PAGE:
Quant funds that generally trade very liquid exchange-listed crypto assets provide better liquidity to investors than a fundamental investor targeting early-stage projects or a multi-strategy, where the fund manager needs to consider the various strategies and instruments in its portfolio.
Most serious and regulated systematic crypto hedge funds are quite transparent with their numbers so investors are able to find actual assets under management or monthly performance figures on platforms like Barclay Hedge or Nilsson Hedge.
Based on available data, systematic crypto funds are outperforming “passive HODLing strategies” (meaning long only), discretionary long/short and multi-strategies significantly and generate sustainable alpha:
In 2019, the average crypto hedge fund performance by strategy was as follows:
Discretionary Long/Short +33%
Discretionary Long Only +42%
In 2018, which was a very challenging year for digital assets, quant trading was the only strategy generating positive returns:
Median quant fund +8%
Median all funds -46%
Median fundamental fund -53%
Median discretionary fund -63%
So looking at the performance of crypto hedge funds in 2018 and 2019, it is obvious that crypto quant funds are working.
A growing number of investors, including more and more fund of funds, are investing in systematic crypto hedge funds and crypto quants exclusively, which enables the whole ecosystem to evolve quickly.
With most regulated crypto hedge funds that accept money from external investors being quite transparent about fund performance and assets under management, the growth in investments is becoming apparent. Increases in assets being allocated to crypto hedge funds in the last few months and increasing indications that bitcoin is a digital store of value and a new hedge against inflation, show that the demand from investors is accelerating.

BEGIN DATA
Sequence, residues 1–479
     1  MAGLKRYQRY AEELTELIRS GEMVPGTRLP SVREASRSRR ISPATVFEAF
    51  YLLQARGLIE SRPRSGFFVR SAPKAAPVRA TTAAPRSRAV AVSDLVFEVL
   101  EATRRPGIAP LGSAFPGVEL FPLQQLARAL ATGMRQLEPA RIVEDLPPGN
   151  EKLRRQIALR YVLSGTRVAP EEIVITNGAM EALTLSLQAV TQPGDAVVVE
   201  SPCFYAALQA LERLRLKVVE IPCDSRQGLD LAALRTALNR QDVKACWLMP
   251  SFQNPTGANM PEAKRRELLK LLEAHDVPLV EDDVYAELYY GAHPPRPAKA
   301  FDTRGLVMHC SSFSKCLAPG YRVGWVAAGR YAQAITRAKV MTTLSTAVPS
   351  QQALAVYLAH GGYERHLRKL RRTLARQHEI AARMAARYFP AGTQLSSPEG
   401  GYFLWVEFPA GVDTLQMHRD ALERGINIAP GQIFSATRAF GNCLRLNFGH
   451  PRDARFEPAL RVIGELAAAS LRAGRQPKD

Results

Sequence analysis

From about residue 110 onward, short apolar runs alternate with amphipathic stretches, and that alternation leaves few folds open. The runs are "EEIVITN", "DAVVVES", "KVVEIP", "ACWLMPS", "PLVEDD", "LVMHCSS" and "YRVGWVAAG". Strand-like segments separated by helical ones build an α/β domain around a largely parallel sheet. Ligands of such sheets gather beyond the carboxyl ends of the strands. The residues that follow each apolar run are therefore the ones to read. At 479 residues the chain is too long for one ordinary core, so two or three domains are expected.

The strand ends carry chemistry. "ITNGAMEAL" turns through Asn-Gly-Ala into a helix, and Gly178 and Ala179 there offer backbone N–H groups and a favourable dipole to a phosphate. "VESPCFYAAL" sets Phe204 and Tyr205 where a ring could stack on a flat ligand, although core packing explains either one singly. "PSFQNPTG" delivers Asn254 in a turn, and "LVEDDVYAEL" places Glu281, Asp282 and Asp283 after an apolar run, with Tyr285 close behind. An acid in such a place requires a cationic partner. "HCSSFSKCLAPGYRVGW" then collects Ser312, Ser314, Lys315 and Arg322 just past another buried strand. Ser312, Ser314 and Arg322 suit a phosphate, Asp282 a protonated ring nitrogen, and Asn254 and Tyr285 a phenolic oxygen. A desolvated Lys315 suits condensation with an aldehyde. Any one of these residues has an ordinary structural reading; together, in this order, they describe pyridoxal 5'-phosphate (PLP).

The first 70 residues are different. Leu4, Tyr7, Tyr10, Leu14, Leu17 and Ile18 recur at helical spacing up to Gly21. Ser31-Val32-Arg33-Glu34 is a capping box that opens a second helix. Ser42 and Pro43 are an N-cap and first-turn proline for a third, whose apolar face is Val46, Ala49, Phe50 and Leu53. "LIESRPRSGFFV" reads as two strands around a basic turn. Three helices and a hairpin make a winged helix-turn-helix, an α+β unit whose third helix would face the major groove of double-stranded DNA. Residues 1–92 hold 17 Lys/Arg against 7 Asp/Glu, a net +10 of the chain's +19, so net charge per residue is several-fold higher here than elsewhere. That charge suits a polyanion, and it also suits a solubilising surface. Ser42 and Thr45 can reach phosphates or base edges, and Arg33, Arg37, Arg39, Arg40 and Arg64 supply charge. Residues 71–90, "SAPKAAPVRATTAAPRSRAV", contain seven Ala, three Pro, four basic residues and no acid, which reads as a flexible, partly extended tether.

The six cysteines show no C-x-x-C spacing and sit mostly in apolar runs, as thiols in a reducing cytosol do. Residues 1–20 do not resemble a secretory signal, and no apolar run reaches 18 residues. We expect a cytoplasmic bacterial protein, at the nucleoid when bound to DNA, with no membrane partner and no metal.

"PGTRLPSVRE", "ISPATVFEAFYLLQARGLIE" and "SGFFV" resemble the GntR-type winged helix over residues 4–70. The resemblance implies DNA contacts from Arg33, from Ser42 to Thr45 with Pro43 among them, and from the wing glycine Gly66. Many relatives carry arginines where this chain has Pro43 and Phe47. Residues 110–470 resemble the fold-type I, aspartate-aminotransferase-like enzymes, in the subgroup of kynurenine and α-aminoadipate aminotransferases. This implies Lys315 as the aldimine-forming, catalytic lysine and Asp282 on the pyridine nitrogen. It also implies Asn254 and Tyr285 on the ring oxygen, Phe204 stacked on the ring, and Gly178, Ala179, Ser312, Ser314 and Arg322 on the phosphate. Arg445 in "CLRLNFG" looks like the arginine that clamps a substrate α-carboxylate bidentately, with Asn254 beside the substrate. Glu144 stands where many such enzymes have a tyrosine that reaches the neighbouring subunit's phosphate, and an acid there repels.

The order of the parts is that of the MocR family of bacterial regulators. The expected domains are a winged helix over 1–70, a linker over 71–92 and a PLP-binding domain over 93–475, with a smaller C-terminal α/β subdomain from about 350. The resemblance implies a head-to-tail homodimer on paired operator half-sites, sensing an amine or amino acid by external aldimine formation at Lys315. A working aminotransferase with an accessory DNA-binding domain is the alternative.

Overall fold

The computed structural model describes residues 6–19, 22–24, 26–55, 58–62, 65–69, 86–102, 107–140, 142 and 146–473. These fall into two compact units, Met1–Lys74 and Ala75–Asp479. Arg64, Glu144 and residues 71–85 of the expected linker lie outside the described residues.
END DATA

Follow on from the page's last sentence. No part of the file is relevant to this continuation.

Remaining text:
A majority of today’s crypto hedge funds, including crypto quants, were created less than three years ago, illustrating that this industry is still very young.
See also: Jesus Rodriguez – 10 Reasons Quant Strategies for Crypto Fail
Assets under management of crypto funds worldwide doubled from 2019 to 2020 (from $1 billion to $2 billion) and there are clear indications that they will roughly triple till the end of this year. A big part of this new money will be allocated to systematic crypto funds.
As CoinDesk’s Noelle Acheson wrote recently, “the outlook for crypto hedge funds is sunny.” Investing in a crypto hedge fund instead of direct investment in the market is a more attractive option for many investors: they do not need to worry about custody, best execution, or liquidity crunches. These elements can be especially important for traditional investors, who are not deeply involved in the underlying technology and look at crypto assets primarily as a new alternative asset class to diversify their existing portfolio.
With these arguments, and professional crypto quant fund managers that address known challenges with their strategies to achieve both performance and growth today, the potential for systematic crypto funds to surpass other investment strategies and outperform the market by the end of 2020 looks increasingly probable.